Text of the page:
Philanthropy is on the rise in Central and Eastern Europe, but there is far greater potential for growth. Anna Korzeniewska, a Founder of the Social Impact Alliance for Central & Eastern Europe explores the philanthropic trends of the region, highlighting the role of the pandemic in strengthening citizens’ desire to give.
Since the fall of the Iron Curtain, the countries of Central and Eastern Europe (CEE) have made significant progress in economic and social development, building on the potential that remained deeply hidden for decades. Although this progress is something to be proud of, the region is still facing immense social challenges – national, regional, and global in scope. And it’s clear that there is far greater potential for philanthropy.
That’s what we set out to explore in our recent study, Philanthropy in CEE 2020 – a project carried out in partnership with Kantar. The results of our study clearly show where we are today, serving as a reference point we have never had before. We reviewed the philanthropic potential of individual donors in the region. While EUR 2 billion is currently donated annually, we estimate that the philanthropic potential is much more sizeable, at EUR 3.3 billion. What’s more, Covid-19 is proving to be a strong stimulus for philanthropy.
CEE giving trends
As it stands, nearly half of CEE citizens (46%) gave a donation last year. Giving was most prevalent in Poland (51%) and least common in Hungary (36%), but the largest average payments are made by donors from the Czech Republic (approx. EUR 150), followed by Slovakia (EUR 110), with Hungarians and Poles donating around EUR 80-85 annually.
When compared with donors in the USA – one of the most philanthropically mature markets in the world, we see that CEE citizens currently give at less than 4% of the amounts donated by Americans (Giving USA 2020). The current donations amount to less than 1% of their annual salaries. Compared with other expenses, the citizens of the largest of the studied markets, Poland, spend two times more money on sweet and salty snacks, and even four times more on alcohol (Nielsen 2019).
It turns out that a similar proportion of men and women in CEE are involved in philanthropic activities, but the way they choose to give differs. Men are more likely to make regular donations and the average value of their contributions is 40% higher. Women tend to choose alternative forms of support. They purchase products and services where part of the profit is transferred to social purpose organisations, and their activity is often inspired by social media posts and fundraising campaigns on Facebook.
Residents of CEE have high expectations from business, the biggest of which is a higher involvement in social activities (two thirds of respondents). More than four in ten (44%) of the region’s citizens state that they are willing to pay more for products of socially responsible brands, while over a third (36%) consider CSR activities of companies an incentive to purchase their products or services. This may become an important stimulus for corporate giving.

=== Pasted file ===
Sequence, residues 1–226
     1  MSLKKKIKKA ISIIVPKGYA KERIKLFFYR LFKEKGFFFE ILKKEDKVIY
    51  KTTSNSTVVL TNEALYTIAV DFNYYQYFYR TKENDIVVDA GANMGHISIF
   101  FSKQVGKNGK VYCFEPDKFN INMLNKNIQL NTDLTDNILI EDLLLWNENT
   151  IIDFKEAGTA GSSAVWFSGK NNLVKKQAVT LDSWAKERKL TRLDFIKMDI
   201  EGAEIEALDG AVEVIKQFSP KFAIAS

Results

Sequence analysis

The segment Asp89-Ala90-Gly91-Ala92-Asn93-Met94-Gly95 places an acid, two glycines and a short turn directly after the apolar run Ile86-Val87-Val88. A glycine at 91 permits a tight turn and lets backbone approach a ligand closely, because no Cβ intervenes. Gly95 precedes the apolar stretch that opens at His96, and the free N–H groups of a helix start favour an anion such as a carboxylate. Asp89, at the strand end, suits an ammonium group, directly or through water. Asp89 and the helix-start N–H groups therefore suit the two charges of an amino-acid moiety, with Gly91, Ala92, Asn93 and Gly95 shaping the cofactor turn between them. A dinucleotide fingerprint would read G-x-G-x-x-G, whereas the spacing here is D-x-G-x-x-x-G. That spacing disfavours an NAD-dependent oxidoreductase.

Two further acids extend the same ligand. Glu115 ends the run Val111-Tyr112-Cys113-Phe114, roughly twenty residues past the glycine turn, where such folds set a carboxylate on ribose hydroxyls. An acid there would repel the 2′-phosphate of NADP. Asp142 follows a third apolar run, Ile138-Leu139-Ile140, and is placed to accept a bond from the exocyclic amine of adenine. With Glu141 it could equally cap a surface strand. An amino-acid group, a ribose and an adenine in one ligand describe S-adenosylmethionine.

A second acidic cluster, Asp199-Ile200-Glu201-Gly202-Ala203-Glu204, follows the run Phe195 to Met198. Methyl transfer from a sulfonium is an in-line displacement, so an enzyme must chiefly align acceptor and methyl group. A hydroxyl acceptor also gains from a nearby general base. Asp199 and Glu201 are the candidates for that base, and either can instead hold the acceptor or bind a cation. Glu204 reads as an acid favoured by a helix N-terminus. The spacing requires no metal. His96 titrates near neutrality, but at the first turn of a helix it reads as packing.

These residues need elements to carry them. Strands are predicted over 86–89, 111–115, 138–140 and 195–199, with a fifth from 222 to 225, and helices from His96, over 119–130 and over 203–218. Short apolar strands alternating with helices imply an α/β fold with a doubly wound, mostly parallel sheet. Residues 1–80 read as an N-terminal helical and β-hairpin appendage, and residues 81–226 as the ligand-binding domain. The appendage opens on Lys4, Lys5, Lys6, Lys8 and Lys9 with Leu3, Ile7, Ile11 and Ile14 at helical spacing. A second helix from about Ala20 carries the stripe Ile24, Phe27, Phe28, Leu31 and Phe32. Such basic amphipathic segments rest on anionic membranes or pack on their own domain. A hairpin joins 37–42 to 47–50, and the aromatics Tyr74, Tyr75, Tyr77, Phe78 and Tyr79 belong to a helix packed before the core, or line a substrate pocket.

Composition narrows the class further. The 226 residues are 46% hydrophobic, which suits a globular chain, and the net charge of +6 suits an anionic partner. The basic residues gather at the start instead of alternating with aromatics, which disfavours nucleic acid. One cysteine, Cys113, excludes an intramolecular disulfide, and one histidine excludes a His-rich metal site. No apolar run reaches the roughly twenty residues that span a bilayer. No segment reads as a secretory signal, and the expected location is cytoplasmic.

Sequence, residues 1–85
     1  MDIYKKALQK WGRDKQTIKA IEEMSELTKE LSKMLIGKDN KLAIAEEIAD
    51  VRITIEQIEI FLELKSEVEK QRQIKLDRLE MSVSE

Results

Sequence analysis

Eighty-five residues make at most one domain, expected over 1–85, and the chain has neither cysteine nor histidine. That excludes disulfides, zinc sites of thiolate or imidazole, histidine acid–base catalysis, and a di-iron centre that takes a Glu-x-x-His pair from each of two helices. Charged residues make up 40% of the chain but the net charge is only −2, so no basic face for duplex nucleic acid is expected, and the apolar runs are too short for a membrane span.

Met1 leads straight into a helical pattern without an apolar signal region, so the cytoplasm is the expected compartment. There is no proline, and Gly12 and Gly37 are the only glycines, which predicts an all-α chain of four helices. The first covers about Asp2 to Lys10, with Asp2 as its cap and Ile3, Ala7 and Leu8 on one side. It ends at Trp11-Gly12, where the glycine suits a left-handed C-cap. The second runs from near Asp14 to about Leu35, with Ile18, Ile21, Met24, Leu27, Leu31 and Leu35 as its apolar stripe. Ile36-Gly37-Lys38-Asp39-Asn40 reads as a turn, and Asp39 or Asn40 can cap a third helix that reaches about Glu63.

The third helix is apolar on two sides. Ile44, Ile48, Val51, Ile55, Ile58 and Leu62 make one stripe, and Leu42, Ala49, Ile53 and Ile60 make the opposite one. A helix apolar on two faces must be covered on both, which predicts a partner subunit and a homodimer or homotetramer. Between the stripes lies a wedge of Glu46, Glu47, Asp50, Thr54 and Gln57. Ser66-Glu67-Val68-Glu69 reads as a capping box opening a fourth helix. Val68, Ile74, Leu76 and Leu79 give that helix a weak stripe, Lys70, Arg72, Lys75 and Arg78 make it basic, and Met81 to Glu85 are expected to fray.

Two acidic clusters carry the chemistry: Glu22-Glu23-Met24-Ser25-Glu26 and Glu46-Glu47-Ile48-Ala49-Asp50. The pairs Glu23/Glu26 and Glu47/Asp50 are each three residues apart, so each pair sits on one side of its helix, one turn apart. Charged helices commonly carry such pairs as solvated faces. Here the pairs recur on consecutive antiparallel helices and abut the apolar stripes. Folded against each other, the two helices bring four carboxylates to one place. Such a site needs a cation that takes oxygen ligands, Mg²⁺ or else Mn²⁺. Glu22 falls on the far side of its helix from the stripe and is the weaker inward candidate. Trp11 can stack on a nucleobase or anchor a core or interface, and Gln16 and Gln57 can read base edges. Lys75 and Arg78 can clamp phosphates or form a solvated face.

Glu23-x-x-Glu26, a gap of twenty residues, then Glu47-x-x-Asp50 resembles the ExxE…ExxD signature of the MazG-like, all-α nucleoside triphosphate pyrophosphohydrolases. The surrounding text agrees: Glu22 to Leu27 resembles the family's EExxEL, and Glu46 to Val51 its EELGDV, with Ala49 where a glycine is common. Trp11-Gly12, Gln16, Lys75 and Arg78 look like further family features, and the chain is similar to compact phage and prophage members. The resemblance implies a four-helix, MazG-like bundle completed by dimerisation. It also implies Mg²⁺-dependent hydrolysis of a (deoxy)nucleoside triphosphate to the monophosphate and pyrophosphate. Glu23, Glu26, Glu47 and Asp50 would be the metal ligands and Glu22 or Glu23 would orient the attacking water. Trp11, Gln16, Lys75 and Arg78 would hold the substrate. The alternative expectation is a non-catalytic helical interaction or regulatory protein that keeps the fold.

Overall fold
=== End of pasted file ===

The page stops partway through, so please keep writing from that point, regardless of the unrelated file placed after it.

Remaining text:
Impact of the pandemic
The ongoing COVID-19 crisis seems to have further inspired CEE citizens to give, realising the importance of their philanthropic involvement in society. More than one in three citizens (36%) confirmed that the pandemic changed their attitudes in relation to philanthropy. While, for 15% it was a breakthrough moment to start giving; something they had never done before.
Most respondents changed the forms of their giving, primarily by devoting more time to supporting important goals and shifting their philanthropic activity to areas that needed ongoing support.
This sense of social solidarity built during the pandemic can be a valuable basis for further philanthropy. So, stimulating and maintaining CEE citizens’ involvement should be a key goal guiding the direction of travel for public administration and social organisations.
The report (freely available in 5 languages) sets out these findings in greater detail, along with recommendations for business, public administration, social purpose organisations and individuals. We believe that these recommendations will help create and implement effective and sustainable solutions to growing philanthropy to address social challenges in the CEE region.
As the pandemic is continuing to influence and shape our world, we hope to understand more about how this is changing people’s approach to philanthropy. This is why we plan to conduct this study annually, making it a good starting point for further scientific, informational, educational, and philanthropic endeavours. We’re now calling for partners to help support the programme, whether that be financially or with relevant professional services.
The potential for philanthropy in CEE is significant. It now remains for those of us working in the field of social change to establish how best to activate supporters, inspiring and engaging people across the region to give. And, to ensure that we seek not only a reactive, emotion-based response, but that we work towards inspiring strategic philanthropy, which maximises lasting, long-term social impact.
About Anna Korzeniewska
Anna Korzeniewska is a Founder of Social Impact Alliance for Central & Eastern Europe – an international think tank whose mission is to create a philanthropy-friendly ecosystem in CEE.
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